What is very interesting is that recent linguistic research (as I briefly mentioned in my first post on Francis Pryor’s TV programme ‘Britain AD’) shows that English was influenced by Celtic in its grammar. There is archaeological evidence in West Heslerton from the people buried in its cemeteries in the early Anglo-Saxon period, that a lot of people from the west of Britain were emigrating east – up to 50% were in-comers from western areas according to Powlesland’s research (based on teeth enamel evidence).

These internal immigrants probably spoke a dialect of Celtic, which may have been what caused changes to English grammar (when it starting diverging from other Germanic languages which use inflected grammar systems ie word endings change meaning rather than word order as in English). The proposal is that Celtic in-comers, who spoke English as a second language, struggled with the word endings, and eventually their ‘mistakes’ started to be used by native speakers, creating the next reincarnation of the English language.

English is a world-wide language today because it has always absorbed vocabulary from other languages, it has been adopted by different peoples, and now we learn it probably absorbed grammar changes from Celtic. Even in Britain today, the original home of English, there are many different regional accents and dialects – eg depending on if you are in Liverpool or Newcastle or London etc – which is one of the things second language speakers struggle to deal with when they come to live here. But we are a global community now and we need global languages – surely this is how a global language (a new phenomenon) could be expected to develop – no one owns it, and it changes and adapts – like any living thing.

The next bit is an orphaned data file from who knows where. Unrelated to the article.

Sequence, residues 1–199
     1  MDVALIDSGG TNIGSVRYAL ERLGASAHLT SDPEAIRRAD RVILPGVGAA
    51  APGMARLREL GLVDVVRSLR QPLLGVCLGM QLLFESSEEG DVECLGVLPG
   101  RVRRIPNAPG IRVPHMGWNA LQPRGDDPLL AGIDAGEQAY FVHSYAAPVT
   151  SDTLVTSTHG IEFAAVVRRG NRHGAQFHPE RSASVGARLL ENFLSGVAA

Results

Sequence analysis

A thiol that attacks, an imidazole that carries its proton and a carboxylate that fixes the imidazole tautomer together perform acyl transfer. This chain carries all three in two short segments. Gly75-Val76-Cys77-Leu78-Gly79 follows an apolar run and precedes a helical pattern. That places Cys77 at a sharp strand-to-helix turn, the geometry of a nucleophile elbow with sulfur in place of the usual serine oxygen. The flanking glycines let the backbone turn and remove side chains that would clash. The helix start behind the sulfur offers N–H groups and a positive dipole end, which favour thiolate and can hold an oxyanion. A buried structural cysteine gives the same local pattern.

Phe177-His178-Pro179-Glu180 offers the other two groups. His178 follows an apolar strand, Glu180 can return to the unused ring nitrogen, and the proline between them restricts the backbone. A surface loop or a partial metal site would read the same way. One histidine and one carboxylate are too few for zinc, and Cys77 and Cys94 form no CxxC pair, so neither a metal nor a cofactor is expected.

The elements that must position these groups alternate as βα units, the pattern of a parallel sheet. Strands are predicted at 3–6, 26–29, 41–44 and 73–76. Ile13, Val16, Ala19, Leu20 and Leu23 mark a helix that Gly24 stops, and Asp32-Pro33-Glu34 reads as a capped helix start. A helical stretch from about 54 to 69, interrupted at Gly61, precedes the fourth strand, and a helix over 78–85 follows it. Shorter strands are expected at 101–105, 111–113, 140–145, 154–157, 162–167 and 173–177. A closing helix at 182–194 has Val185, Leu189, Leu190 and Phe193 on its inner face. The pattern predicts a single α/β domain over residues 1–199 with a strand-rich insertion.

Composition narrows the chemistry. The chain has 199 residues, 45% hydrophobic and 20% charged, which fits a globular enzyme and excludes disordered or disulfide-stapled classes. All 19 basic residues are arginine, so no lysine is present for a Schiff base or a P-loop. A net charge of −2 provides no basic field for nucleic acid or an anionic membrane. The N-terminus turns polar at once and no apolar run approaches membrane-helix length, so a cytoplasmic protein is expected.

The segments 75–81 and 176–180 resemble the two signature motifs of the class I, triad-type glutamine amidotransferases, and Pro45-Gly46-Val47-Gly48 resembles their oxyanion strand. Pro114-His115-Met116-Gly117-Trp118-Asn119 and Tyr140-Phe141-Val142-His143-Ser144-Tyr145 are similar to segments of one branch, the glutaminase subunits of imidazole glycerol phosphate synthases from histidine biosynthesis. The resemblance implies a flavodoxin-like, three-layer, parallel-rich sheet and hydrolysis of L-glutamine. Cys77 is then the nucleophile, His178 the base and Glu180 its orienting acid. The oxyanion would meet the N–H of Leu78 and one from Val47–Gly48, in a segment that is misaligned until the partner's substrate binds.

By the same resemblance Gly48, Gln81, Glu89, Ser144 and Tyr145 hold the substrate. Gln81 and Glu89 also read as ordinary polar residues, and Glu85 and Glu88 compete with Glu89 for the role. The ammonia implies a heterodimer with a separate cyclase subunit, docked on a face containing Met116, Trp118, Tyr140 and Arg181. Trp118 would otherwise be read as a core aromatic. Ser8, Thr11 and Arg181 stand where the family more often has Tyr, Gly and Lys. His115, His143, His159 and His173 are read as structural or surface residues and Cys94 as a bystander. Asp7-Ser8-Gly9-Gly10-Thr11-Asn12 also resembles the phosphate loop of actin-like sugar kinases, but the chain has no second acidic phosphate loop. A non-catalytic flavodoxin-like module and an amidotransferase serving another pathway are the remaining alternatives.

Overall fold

I know when I write about Britain I talk about it in a very ethnocentric way – it’s hard to break out of that habit. But in fact I wasn’t born on this patch of earth, one of my parents is (or rather was, as he has recently died) American and his ancestors that carried my surname originally came from Bavaria (before Germany existed as a nation) to the US in 1851. So I am not British through and through, but I am a first language English speaker, and I suppose that’s where I feel I belong – part of a language community as much as a geographical one.

In my lifetime there has been the revolution of the internet and the world wide web, and then Facebook and blogging and other forms of social media, and we need global languages we can identify with in order to develop an exciting, creative and friendly global community. But we all know English speaking people have dominated empires and imperial world views over the last 500 years or so, and this is definitely a mark against the language. After all the Roman Empire and Latin similarly dominated until 1500 years ago, and look what happened to them.